A family is living a mostly idyllic life in the Aegean sea, though troubles abound. Oldest son Zafer is still suffering from a recent break-up, and his meddling mother attempts to play matchmaker, and get the two back together. His ex meanwhile is a shifty girl with a plan of her own that spells nothing good for the community. Zafer works as a sailing guide for tourists, and in his latest group meets tired actress Aslı, and the two quickly fall in love...
Olanlar Oldu (Bygones be Bygones) is another island comedy film by Ata Demirer, and is another fresh and enjoyable romp. There are many hilarious moments, a few weird ones, and it's an all-round good showcase of the locale.
I was a little worried at first when in the very first scene we're introduced to Döndü, one of the film's main characters, and she's played by Demirer in drag, with a shrill voice. I hoped the movie wasn't going to be as obnoxious as it seemed, and mercifully it wasn't, for the most part. The film divides its time well, with some devoted to Döndü, while Zafer snags the rest (not to mention other subplots).
There's plenty going on, and the movie wastes no time setting things up. It can get a little hectic at times, but never felt crowded, and I always enjoyed the events. The only issue is some things don't get as much resolution as they could have, namely the conniving tricksters, who presumably get away with the money since we never see them caught. I'm sure they were, so it would've been nice to see, but I do get why that wasn't included when there's already so much else going on.
Zafer is a good lead, masculine enough to be a typical Turk, while also having a believably sensitive side. Aslı is believable as a celebrity, as well as a regular woman just trying to unwind for a few days. She and Zafer share a good chemistry, precisely because he's not fawning over her like everyone else is, and instead treats her like anyone else.
Family matriarch Döndü is a meddler and a busybody, typical of an older mother. She straddles the line between fun and annoying, but her character's softer side shines through enough for us to not dislike her.
The villains are plentiful here. Local business rival and old flame Ibrahim is still holding a candle for Döndü, and is perfectly willing to wreck her cafe to see her in his arms. His cohort is eager to help, but has a plan of his own, to steal away Ibrahim's daughter (Zafer's ex), along with all his money. These young lovers are devious and bitchy, and well deserving of some punishment.
The rest of Döndü's family are decent enough, though not as distinct as the others. Their son is fun, though he's a terror in the pesticide-spraying scene. Squirt the rude asshole by all means, but not your granny's customers, you little bastard! Also present is Aslı's ex, who's still trying to win her back, and is tricked into doing several jobs around Döndü's house.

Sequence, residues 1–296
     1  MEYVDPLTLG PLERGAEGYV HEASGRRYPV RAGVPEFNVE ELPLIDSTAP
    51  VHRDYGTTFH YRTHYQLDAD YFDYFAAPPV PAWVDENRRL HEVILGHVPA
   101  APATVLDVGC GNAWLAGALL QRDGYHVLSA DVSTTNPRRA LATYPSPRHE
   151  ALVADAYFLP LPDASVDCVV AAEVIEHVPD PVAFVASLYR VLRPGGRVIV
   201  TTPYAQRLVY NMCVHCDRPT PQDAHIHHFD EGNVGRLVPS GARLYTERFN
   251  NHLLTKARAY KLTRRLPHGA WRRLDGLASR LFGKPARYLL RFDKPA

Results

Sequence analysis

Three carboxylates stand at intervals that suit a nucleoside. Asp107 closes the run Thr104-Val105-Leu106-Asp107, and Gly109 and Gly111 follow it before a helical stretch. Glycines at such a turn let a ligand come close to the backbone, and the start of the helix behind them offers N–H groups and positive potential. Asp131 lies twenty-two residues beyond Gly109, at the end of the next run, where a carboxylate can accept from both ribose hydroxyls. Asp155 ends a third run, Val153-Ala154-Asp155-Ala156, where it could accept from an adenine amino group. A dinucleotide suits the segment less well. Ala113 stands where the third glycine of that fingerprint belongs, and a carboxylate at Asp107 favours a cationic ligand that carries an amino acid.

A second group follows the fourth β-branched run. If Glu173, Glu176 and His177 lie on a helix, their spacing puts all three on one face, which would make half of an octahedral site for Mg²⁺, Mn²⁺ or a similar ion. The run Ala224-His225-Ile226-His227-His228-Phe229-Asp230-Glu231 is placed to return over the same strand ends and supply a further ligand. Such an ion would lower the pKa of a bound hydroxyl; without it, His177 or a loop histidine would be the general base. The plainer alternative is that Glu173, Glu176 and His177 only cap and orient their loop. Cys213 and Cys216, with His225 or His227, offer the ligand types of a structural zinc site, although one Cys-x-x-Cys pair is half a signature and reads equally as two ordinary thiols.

The other tourists in Aslı's party are a likeable bunch, and while they are a bunch of poshos, it's without coming across as boorish dickheads. Although seeing that one guy on his side in a speedo was a sight no-one ever needed to see!
That really is the best way of describing Olanlar Oldu. It's a movie populated by characters who could've been obnoxious dickheads if done wrong, but thankfully they all straddle that line perfectly.
The acting in Olanlar Oldu is all neat, with a diverse cast. Ata Demirer is a great lead, really feeling like a normal guy, in contrast with his other part. I also enjoyed him in his dual role. He has the capacity to be annoying, and probably would have been if he overdid it, but thankfully the character of Döndü doesn't appear too much, or act too in your face.
I found the romance worked well too. Rather than come off as forced or arrogant that the director pairs himself with a drop dead gorgeous lady every move, it comes off as sincere, showing that even portly guys can find love.
Olanlar Oldu is an absolutely gorgeous film. It's directed well, for a start, and it captures the natural beauty of Turkey's islands, coast, and sea perfectly. Everything, down to the colour of the water, the shape of the rocks, the green of the island, etc. There are other pretty locales too, with even the villains getting a beautiful hideout.
The music is all nice, and used well. There's one funny moment where the dramatic music gets really loud, until Zafer's friend actually tells him to turn it down, he can barely hear him! It turns out he was playing a CD the whole time.
Overall, Olanlar Oldu is an enjoyable comedy that managers to keep your attention the whole time. And above all, the film teaches you how to make Turkish raw fish, and how could you dislike any movie that gives you an exotic recipe?...
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